Call It Courage
Armstrong Sperry (Juvenile Fiction)
It happened many years ago, before the traders and missionaries first came into the South Seas, while the Polynesians were still great in numbers and fierce of heart. But even today the people of Hikueru sing the story in their chants and tell it over the evening fires. It is the story of Mafatu, the Boy Who Was Afraid.
Fifteen-year-old Mafatu was afraid of the sea. He’s had this fear for as long as he could remember. His father, Tavana Nui, the Great Chief of Hikeuru, was ashamed of him for his people were great seafarers who worshipped courage. There was no room—no tolerance—for cowardice. It’s no wonder that Mafatu felt alone and out of place. Angry and ashamed, Mafatu sets off one night in a canoe with his dog, Uri, and his albatross, Kivi, as his only companions. His father had christened him “Stout Heart” upon his birth and Mafatu was determined to earn that name…or perish trying.
Armstrong Sperry’s Call It Courage was the recipient of the Newbery Medal in 1941. Although there are mentions of Maui (God of the Fishermen) and Moana (the Sea God) and even Maui’s famed fishhook, Disney fans shouldn’t confuse this book with the movie about a spunky Polynesian princess. Rather, it is more along the lines of Island of the Blue Dolphins (1961 Newbery Medal recipient) by Scott O’Dell, but told from a boy’s perspective. If you enjoyed O’Dell’s book, you’ll most likely enjoy Sperry’s as well.
Sperry gives readers the story of a boy who not only has to deal with his own fears and shortcomings, but has to do so under the weight of being the island chief’s son. To be a coward amongst people who worship heroism is one thing, but add the burden of being the island’s heir apparent and you’ve got quite a heavy load. As the ridicule—especially from one who was seemingly a friend—intensifies, we see Mafatu being crushed under its unforgiving and unrelenting weight day after day until he sees no other alternative but to flee his homeland in search of courage and worth.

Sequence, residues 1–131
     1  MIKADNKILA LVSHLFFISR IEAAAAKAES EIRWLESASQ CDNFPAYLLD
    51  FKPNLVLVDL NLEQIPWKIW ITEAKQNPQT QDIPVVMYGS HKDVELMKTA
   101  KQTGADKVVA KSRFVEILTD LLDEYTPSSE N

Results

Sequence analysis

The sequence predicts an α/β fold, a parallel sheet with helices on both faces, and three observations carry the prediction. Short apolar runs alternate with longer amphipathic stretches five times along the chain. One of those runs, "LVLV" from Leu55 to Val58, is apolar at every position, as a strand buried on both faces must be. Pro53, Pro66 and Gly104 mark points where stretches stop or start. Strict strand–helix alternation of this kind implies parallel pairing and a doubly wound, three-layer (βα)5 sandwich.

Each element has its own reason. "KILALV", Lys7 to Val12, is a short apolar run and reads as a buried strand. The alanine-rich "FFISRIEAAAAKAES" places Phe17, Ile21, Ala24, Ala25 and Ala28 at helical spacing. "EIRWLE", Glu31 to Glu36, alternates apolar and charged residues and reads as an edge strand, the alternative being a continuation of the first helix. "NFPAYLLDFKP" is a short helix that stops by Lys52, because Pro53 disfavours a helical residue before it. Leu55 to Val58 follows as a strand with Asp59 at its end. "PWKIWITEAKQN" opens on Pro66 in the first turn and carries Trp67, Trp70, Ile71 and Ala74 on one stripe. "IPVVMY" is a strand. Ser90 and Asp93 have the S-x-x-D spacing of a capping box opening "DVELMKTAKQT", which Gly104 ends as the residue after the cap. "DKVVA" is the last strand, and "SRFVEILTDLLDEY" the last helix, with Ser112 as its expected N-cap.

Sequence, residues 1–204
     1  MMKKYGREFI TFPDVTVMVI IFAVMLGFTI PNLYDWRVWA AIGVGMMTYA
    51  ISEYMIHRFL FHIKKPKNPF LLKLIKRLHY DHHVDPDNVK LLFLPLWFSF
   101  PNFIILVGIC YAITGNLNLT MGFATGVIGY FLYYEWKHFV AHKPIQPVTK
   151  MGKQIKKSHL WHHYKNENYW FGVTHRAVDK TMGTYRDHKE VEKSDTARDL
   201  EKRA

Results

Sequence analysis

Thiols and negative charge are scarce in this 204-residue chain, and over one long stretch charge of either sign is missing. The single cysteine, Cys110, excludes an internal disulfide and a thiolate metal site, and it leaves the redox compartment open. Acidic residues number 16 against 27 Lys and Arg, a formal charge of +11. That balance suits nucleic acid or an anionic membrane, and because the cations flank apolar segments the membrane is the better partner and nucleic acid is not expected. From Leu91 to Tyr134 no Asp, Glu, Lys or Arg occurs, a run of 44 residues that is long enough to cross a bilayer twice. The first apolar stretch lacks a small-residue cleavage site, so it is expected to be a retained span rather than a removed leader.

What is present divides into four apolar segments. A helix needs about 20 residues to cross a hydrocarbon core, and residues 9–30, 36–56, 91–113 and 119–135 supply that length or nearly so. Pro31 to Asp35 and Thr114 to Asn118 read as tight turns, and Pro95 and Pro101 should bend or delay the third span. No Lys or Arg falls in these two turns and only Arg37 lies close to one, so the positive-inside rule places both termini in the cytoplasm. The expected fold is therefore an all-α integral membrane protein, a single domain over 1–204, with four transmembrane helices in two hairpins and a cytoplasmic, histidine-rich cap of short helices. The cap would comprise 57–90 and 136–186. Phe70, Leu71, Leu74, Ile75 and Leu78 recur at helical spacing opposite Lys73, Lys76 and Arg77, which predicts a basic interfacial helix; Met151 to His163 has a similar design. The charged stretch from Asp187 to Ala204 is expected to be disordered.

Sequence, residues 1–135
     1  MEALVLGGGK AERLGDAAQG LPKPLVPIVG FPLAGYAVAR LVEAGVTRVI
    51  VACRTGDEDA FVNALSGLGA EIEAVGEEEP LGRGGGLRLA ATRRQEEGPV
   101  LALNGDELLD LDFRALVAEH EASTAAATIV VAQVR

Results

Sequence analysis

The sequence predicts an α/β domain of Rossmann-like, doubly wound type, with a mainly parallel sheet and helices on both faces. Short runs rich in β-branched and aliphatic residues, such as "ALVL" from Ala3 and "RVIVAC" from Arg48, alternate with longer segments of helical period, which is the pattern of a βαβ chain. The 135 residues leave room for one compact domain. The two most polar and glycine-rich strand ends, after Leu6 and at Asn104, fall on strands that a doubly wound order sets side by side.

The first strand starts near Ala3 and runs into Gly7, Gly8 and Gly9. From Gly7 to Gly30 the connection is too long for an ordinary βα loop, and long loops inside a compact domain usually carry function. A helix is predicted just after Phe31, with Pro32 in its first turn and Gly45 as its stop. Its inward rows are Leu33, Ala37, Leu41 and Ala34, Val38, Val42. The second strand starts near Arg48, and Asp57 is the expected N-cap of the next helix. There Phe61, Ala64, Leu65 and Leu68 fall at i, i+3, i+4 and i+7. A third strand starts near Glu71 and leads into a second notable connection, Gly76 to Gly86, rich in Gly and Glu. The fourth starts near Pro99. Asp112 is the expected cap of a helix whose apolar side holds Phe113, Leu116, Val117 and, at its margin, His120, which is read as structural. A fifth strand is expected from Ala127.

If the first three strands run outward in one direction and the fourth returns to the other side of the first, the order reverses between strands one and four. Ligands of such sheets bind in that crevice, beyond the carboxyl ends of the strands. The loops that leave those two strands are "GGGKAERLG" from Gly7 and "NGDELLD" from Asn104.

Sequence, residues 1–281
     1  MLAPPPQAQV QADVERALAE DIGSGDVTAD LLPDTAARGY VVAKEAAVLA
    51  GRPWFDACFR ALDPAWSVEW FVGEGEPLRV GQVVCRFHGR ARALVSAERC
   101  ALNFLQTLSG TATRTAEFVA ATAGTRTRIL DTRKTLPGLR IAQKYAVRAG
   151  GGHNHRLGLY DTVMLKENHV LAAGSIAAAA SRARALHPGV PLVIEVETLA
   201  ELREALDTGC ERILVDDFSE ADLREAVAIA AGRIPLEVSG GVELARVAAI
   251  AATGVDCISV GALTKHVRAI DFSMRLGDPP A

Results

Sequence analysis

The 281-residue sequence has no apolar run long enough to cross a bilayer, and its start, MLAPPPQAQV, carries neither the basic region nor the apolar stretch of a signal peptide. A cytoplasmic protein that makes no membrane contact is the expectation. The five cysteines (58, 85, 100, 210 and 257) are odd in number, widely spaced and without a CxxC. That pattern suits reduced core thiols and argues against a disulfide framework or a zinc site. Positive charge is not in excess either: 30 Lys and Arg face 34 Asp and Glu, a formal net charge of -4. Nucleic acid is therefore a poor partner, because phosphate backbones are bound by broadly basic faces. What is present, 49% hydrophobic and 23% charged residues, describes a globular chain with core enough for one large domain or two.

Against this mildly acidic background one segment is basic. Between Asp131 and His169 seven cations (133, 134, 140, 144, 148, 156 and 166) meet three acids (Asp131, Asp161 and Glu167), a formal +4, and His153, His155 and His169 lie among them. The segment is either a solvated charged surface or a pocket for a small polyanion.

Call It Courage is fast-paced, tense, and suspenseful due to its numerous forms of conflict: Man vs. Man, Man vs. Nature, Man vs. Society, Man vs. Fate/Supernatural, and Man vs. Self. Like in Island of the Blue Dolphins, we have a smart protagonist who relies heavily on wit and skill to survive. The mundane tasks that Mafatu was assigned while on Hikueru are quickly utilized and performed with speed and skill. Rushes or lapses in judgement could mean death so we see Mafatu being patient, deliberate, calculating, and thoughtful in all of his decision making. Books (especially for younger readers) could use more characters like this.
Sperry delivers a powerful message in a very short book (mine was only 92 pages). He shows us a boy who despite his insecurity, frailty, and vulnerability, is capable of doing rather extraordinary things. Whether you call it courage, impulse, or instinct, Mafatu discovers his inner strength which allows him to begin believing in himself. Famed American pianist Liberace once said, “Nobody will believe in you unless you believe in yourself.” Mafatu, along with a yellow dog and a gimpy albatross, found the courage to believe in himself and I would call that pretty remarkable.
*Book cover image attributed to www.amazon.com
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